insecure are punished and ostracized. Girls who are different are shunned. Dr. Pipher compares the 1960's culture of her own adolescence with the 1990's and illustrates the complexity of being a 1990 teenager versus the relative simplicity of 30 years prior. A sobering and frightening book but a must read.
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LibraryThing member Marse
Mary Pipher's book was written in the 90s and was a wake-up call to parents of adolescent girls. While it is important in documenting how rough the world has become for adolescent girls, it doesn't really offer much practical advice for parents of today. If you are reading this book for tips on how
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to get your daughter through those awful times, then I would skip all the case studies (taken together they are quite frightening for a parent) and just read the last chapter where the author gives a general overview of what type of parenting seems to have given the most benefit to daughters. It's not much, but it is a starting point.
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LibraryThing member nm.spring08.m.zurita
Reviving Ophelia is a great book about teenage girls dealing with problems in their lives. Their problems are the same that most girls have. It tells true stories about how the girls deal with their problems and how it helps them. If you have any problems with almost anything this book is great to
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teach how to deal with them. It explains how girls are affected by the media, peers, family, relationships, drugs, violence, and sex. I liked this book because it is very interesting and the stories are true stories not made up ones. Even though this book was written in 1994. The girls in the book are very similar to the girls now days. I would recommend this book to anyone who likes to read about real life problems that they have or know someone that has problems. I recommend this book especially to girls because this book is mainly focused on problems that adololecent girls have. The stories can help you with your problems.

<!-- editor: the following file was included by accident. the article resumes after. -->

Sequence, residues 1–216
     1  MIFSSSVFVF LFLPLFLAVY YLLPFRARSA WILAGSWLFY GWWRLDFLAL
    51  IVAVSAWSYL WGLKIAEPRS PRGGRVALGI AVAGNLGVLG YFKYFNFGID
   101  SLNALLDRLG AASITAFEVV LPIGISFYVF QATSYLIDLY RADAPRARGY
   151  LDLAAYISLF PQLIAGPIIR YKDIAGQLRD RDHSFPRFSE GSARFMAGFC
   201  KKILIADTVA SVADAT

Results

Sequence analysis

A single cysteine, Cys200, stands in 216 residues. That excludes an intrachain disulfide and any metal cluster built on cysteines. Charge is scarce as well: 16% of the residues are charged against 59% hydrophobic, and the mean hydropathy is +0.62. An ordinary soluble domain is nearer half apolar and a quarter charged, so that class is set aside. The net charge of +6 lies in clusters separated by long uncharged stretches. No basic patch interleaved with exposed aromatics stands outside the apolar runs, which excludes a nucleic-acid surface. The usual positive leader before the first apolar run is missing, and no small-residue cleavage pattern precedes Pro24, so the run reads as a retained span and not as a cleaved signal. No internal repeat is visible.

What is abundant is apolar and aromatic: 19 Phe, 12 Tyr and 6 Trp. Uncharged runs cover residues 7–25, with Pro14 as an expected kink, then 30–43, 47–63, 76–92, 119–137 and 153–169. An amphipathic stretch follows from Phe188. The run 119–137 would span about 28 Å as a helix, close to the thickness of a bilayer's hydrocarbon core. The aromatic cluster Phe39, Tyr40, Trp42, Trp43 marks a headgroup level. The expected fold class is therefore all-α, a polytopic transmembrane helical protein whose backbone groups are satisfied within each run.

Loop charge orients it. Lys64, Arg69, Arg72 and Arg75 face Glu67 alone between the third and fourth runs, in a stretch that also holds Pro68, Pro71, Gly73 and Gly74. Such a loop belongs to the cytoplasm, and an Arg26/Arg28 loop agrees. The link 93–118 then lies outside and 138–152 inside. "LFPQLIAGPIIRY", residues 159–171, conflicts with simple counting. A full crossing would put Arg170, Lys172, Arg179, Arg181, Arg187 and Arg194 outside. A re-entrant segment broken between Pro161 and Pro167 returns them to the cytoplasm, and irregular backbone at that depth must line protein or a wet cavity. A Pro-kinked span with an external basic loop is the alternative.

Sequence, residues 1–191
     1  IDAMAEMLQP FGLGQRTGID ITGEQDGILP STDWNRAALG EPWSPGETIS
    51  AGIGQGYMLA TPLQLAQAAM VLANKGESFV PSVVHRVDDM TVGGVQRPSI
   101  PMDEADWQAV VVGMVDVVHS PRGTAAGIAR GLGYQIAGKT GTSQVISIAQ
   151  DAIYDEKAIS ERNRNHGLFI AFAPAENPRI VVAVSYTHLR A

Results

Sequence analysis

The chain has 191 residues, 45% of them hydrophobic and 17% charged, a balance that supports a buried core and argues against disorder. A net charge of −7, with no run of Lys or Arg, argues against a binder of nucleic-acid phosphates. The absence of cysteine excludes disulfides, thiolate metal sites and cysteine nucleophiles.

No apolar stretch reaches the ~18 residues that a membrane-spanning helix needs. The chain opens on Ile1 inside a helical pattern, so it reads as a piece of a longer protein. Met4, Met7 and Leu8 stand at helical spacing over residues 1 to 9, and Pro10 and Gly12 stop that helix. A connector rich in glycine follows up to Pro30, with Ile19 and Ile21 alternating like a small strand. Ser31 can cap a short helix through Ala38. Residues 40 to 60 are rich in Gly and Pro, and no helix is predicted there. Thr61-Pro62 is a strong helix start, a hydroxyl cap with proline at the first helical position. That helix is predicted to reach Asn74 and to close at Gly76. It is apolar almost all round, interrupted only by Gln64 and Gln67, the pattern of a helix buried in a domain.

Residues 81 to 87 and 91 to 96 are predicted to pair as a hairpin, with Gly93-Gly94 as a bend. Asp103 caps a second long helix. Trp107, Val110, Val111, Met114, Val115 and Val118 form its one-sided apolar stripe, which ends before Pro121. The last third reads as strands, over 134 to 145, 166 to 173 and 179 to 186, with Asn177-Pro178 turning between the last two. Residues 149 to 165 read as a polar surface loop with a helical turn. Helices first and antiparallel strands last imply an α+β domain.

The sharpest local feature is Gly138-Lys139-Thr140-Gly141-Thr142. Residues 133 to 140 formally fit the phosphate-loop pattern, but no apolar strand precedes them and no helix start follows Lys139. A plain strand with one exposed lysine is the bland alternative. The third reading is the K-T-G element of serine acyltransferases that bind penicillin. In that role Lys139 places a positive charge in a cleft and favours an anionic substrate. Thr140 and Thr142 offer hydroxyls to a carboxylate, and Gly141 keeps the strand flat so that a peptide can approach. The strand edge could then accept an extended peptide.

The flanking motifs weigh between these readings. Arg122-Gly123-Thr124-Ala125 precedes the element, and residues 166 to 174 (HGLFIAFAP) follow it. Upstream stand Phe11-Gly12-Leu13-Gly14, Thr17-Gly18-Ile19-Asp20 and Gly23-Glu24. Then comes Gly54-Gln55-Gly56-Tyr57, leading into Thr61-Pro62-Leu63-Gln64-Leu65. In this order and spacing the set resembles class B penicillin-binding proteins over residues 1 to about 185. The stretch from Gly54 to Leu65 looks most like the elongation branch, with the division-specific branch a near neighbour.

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LibraryThing member pru-lennon
girls in the '90s had it rough according to mary pipher. the world was so different from her '50s childhood era where girls/women have to learn to lead a restricted life in order to be safe b/c we live in a junk culture w/junk values that demeans women. she feels that we need to change our
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institutions and our cultures so that females aren't battered, raped and demeaned and where males don't feel the need to perpetrate such behaviors. if you're a parent or think you'll ever be one, no matter if you have a son or daughter, i think "reviving ophelia" is worth reading for ideas about how to parent an adolescent, male or female, in the best way possible for a culture that has values not in the best interest of people.
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LibraryThing member zhukora
I borrowed this book off my mother's bookshelf twelve or thirteen years ago when I was just entering adolescence myself. My mother never got it back. The book is ostensibly a parenting-oriented psychology text, but I think it was likely far more useful to me as a girl on the cusp of the age range
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discussed in the book than it would have been in the hands of my mother.

Young as I was, this was the first explicitly feminist text I had ever been exposed to, and for the first time in my life it was able to give me a framework for understanding and a means of describing and recognizing the tensions and problems I was beginning to be able to detect in the environment around me and in the girls who were my friends and classmates. It didn't really matter to me that the girls whose stories were featured in the book were by and large far more troubled than myself or any of the adolescents I knew; I could still relate to the angst, insecurities, and general mien shown in their stories. To a degree, both at the time and still today, I felt that having a broader and more holistic understanding of what made things go wrong for so many girls inoculated me against many of these same problems, and allowed me to adopt more effective coping strategies for the drama that inevitably comes with simply being a young teen, and especially with being a young teenage girl.